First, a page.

Rebuilding Place in the Urban Space

"A community’s physical form, rather than its land uses, is its most intrinsic and enduring characteristic." [Katz, EPA] This blog focuses on place and placemaking and all that makes it work--historic preservation, urban design, transportation, asset-based community development, arts & cultural development, commercial district revitalization, tourism & destination development, and quality of life advocacy--along with doses of civic engagement and good governance watchdogging.

Thursday, November 14, 2013

International tourism as an element of local and national export policy

Deloitte Canada released an interesting report today, Passport to growth: How international arrivals stimulate Canadian exports, which avers that foreign visitors help develop relationships that influence exports.  From the press release:
Deloitte analysis, using Canadian data and established empirical techniques, suggests that each one percent increase in tourists to Canada generates an $817-million increase in Canadian exports over the following two years. Deloitte also found that this increase in travel would increase the range of Canadian goods exported by 0.27 percent for each one percent increase in international arrivals.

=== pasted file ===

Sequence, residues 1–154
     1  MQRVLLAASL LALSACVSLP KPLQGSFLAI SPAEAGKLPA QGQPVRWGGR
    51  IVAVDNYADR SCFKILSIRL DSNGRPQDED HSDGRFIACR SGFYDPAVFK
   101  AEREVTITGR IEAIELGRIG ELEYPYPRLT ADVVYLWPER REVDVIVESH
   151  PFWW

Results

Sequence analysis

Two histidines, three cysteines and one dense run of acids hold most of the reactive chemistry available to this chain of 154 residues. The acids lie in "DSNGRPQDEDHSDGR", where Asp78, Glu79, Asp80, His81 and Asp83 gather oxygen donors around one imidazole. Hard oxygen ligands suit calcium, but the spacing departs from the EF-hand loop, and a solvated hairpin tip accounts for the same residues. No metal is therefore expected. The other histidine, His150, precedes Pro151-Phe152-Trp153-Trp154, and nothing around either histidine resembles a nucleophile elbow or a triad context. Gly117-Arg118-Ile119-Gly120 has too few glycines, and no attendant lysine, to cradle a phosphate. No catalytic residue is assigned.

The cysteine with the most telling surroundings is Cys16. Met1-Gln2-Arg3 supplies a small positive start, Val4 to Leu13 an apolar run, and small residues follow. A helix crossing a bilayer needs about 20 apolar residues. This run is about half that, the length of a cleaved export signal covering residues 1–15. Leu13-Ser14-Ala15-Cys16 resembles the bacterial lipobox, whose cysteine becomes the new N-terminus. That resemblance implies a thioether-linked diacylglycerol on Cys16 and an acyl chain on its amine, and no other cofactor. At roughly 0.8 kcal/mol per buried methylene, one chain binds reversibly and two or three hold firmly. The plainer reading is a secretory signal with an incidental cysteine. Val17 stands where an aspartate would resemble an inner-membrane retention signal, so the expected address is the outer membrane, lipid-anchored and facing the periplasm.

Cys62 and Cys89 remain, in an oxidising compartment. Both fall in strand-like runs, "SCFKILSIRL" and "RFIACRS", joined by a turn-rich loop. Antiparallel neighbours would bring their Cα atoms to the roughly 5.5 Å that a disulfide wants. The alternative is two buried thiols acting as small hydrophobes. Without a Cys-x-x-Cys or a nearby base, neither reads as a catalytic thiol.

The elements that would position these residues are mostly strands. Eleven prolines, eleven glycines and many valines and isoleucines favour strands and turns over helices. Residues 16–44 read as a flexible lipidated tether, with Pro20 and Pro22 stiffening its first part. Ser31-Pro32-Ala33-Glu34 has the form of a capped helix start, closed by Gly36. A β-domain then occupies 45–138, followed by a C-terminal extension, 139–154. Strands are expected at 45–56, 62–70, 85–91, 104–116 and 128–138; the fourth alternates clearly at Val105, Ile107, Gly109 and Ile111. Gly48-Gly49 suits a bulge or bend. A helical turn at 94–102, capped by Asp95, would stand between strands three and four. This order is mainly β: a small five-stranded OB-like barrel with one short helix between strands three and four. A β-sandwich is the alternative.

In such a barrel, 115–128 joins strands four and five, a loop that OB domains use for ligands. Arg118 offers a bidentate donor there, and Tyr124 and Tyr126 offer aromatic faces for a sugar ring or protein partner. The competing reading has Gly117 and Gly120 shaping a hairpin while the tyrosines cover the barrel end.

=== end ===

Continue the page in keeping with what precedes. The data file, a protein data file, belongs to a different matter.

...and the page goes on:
The report explains that when people travel, there is opportunity to connect face-to-face and deepen business relationships, which in turn opens up pathways to new markets. And travel - both leisure and business - creates demand for domestically produced goods by introducing people to local products.

Also see "Tourism boom misses Canada" from the Toronto Globe & Mail.

Interestingly, while the report argues that "Canada" should do more, from the TGM:
The report highlights a number of ways Canada can boost inbound foreign travel, including creating new products to meet changing demographics, investment in tourism businesses, attracting and retaining talent, reducing airline fees and taxes, as well as speeding up visa processing.
the reality is that many Canadian provinces (such as Ontario, Alberta, British Columbia, and Nova Scotia) have incredibly robust tourism departments that already are doing many of these recommendations. 

However, at the national government level, it's not a surprise that the government is doing less, because conservative governments tend to not favor investing in tourism promotion.  This has been a problem in the US for many years, although has finally been addressed through the development of the Brand USA program. 

Some of these elements, such as how visitors enter the country at airports is a real problem in the DC region at Dulles International Airport and across the country ("Customs lines delayed by hours at some big airports," USA Today).

In any event, this report is provocative and hopefully will be a wake up call to local jurisdictions about considering and addressing international tourism more directly as an element of local economic development strategy and policy. 

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